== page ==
Energy Boom in West Threatens Indian Artifacts





The dusty documentation of the Anasazi Indians a thousand years ago, from their pit houses and kivas to the observatories from which they charted the heavens, lies thick in the ground near here at Canyons of the Ancients National Monument.

Or so archaeologists believe. Less than a fifth of the park has been surveyed for artifacts because of limited federal money.

Much more definite is that a giant new project to drill for carbon dioxide is gathering steam on the park’s eastern flank. Miles of green pipe snake along the roadways, as trucks ply the dirt roads from a big gas compressor station. About 80 percent of the monument’s 164,000 acres is leased for energy development.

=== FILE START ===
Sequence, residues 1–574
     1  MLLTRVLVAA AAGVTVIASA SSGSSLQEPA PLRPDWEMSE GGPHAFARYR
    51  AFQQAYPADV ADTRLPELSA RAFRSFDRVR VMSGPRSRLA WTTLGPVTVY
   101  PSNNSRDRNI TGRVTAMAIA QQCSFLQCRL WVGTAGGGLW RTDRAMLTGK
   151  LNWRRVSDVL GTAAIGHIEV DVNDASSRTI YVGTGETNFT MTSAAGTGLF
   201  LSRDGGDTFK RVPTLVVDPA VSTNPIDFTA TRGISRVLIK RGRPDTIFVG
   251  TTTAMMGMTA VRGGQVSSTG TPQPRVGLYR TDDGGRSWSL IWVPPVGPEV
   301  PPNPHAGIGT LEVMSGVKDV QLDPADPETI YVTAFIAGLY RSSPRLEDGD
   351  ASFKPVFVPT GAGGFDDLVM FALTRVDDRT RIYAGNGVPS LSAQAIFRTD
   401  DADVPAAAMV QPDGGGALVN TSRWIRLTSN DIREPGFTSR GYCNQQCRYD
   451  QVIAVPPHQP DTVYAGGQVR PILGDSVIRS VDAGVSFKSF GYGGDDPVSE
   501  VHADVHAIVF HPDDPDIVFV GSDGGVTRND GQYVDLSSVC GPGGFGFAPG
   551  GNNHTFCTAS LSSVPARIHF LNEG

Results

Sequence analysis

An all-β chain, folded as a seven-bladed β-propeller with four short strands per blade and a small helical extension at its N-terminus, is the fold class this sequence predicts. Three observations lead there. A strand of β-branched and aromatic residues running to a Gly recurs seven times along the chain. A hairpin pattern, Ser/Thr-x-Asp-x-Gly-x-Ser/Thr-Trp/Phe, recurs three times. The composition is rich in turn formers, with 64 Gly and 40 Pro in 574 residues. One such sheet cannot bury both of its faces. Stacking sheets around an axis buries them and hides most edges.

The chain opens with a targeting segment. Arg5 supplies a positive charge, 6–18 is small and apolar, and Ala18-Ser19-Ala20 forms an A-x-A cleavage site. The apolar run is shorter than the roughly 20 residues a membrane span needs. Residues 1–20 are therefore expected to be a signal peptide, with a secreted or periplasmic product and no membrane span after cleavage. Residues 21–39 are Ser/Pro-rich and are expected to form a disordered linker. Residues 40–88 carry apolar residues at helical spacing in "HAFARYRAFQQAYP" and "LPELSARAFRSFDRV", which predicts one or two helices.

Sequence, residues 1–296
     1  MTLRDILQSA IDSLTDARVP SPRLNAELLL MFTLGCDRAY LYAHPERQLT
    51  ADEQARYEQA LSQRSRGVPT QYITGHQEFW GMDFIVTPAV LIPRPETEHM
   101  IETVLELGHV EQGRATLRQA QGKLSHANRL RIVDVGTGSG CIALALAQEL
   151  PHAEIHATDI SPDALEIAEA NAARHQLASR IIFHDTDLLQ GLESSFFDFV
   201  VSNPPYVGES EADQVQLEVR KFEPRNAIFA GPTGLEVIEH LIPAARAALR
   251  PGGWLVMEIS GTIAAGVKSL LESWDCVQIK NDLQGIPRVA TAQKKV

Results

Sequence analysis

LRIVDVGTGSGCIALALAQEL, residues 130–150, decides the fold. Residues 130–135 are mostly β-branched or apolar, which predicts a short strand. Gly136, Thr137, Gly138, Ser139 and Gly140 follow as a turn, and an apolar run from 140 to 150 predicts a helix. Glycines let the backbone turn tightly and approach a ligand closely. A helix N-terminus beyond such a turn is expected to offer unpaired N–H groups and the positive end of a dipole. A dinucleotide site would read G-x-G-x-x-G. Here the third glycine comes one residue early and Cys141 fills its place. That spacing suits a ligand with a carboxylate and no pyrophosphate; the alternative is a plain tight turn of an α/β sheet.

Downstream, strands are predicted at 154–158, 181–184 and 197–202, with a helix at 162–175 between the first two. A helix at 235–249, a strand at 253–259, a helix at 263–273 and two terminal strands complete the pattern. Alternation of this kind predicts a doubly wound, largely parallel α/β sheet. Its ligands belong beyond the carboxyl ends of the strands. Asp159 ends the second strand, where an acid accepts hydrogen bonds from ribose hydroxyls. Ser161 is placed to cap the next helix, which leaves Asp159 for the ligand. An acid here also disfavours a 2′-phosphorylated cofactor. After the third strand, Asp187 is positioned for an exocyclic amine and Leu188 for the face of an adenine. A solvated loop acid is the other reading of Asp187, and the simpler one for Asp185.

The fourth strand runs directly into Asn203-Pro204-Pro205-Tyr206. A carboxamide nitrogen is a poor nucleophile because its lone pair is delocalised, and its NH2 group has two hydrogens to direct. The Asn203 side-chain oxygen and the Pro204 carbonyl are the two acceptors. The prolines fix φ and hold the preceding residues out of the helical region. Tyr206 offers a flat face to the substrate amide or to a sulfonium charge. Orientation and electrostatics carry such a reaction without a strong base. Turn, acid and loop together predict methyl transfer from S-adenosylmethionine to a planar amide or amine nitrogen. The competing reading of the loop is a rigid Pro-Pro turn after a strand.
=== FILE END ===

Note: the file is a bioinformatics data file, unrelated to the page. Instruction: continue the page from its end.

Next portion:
The consequences of energy exploration for wildlife and air quality have long been contentious in unspoiled corners of the West. But now with the urgent push for even more energy, there are new worries that history and prehistory — much of it still unexplored or unknown — could be lost.



comments powered by Disqus